And what is the standard menu?

Adrian Miller has won the James Beard Foundation Award for Reference and Scholarship for the books “Soul Food, the Surprising Story of an American Cuisine, One Plate at a Time” and “Black Smoke, African Americans and the United States of Barbecue."Fried chicken, fried fish, pork chops or chitlins as the entrees. Then you’ve got greens. The greens could be mustard, turnip, collard, kale, cabbage; blacks-eyed peas; candied yams; mac and cheese; some type of cornbread. Then a red-colored drink…. You would call it red drink (such as Kool-Aid). It just has to be red.
And then for dessert, you could have one of four. You could have pound cake, banana pudding, sweet potato pie. And peach cobbler.

Are Southern cooking and soul food often the same thing?

They draw on the same ingredients and techniques and traditions, but I think there is a difference. It’s really just in the way that the cuisine is performed. In soul food, there tends to be more of an emphasis on cheaper cuts of meat and bone-in meats. So it’s the difference between having a catfish fillet and having catfish bone-in. And then the lines between savory and sweet are often more blurred in soul food than Southern food. For example, sugar in cornbread in soul food… A lot of traditional whites will say if you add sugar to cornbread you’ve turned it into cake.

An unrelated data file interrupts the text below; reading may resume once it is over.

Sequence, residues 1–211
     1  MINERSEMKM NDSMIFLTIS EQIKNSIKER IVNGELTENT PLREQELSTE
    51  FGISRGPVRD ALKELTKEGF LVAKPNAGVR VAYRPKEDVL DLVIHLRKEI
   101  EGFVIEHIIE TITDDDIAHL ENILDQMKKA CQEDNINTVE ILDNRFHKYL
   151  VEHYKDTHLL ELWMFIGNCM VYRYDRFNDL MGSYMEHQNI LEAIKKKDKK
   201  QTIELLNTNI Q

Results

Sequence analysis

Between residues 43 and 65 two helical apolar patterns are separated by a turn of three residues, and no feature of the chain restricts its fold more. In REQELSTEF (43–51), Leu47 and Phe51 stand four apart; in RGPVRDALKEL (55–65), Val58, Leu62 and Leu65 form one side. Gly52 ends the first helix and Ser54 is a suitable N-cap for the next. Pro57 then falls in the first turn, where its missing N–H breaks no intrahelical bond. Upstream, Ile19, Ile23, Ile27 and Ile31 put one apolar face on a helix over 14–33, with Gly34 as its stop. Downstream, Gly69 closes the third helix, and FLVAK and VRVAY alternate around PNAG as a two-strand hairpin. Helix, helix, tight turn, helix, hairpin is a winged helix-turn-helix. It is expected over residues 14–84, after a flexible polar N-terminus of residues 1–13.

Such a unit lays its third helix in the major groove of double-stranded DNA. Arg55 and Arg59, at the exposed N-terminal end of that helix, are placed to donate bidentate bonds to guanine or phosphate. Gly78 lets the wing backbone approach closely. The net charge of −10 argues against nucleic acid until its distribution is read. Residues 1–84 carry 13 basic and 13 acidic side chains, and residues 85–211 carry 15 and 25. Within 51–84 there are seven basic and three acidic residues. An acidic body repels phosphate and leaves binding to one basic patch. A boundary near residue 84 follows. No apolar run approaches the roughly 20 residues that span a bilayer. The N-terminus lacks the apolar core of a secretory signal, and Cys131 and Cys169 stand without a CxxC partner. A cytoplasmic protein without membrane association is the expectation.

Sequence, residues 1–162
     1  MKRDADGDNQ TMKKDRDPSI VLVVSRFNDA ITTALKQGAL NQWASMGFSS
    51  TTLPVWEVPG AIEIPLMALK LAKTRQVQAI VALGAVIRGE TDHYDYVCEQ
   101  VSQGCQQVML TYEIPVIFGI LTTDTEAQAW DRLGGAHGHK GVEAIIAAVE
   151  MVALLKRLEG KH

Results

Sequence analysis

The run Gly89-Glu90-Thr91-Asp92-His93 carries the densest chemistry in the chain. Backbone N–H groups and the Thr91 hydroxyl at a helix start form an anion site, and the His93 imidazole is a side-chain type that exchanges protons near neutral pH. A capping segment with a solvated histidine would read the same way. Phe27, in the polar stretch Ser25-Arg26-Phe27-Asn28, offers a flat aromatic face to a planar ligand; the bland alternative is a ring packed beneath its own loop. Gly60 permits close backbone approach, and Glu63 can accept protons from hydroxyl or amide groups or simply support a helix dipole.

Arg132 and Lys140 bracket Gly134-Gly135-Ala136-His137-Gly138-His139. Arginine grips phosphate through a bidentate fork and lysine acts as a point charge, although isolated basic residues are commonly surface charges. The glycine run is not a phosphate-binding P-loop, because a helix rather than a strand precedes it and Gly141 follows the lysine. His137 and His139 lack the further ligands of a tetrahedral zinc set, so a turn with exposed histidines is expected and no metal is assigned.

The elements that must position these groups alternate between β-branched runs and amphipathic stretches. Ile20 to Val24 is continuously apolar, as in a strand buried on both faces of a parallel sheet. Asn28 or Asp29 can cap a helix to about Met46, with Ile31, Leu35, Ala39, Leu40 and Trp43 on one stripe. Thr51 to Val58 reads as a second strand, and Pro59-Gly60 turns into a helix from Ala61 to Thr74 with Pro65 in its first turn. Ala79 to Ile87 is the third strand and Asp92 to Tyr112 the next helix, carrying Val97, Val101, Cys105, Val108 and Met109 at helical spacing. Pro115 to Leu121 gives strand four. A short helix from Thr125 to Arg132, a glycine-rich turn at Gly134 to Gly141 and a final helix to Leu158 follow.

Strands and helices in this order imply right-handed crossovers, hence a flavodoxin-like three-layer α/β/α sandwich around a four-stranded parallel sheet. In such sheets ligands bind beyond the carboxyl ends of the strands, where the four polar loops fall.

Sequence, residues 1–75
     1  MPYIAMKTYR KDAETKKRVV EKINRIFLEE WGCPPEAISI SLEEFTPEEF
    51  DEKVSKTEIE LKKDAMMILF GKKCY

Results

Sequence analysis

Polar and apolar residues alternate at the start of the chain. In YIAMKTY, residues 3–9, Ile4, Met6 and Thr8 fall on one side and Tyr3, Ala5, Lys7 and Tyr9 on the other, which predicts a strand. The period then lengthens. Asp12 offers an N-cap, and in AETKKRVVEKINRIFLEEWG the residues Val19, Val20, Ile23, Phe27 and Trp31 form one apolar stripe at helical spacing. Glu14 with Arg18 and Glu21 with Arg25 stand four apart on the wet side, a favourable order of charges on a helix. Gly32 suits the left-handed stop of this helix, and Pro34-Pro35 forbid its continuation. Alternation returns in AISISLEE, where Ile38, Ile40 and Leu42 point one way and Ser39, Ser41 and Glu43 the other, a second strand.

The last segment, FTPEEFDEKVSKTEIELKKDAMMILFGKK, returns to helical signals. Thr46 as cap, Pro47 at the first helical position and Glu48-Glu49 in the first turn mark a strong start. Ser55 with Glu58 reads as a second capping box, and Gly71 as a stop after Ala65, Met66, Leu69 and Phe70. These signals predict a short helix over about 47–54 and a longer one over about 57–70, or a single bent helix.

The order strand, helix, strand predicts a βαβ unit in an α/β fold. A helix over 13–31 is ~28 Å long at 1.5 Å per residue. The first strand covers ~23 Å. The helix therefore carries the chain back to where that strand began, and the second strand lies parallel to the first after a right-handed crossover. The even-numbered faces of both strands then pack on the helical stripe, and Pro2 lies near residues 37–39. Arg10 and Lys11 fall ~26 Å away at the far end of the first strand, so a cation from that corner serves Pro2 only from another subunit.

Researching soul food, you ate at 150 restaurants in 35 cities in 15 states. Some favorite places?

I really liked this place called Bully’s Soul Food in Jackson, Miss. It’s the kind of place where you walk in and there’s a table right off the dining room – pre-COVID – where they were peeling sweet potatoes and stripping greens.
Another place that I really liked, This place called Florida Avenue Grill in Washington D.C. It’s the oldest continuously operated soul food restaurant in the world.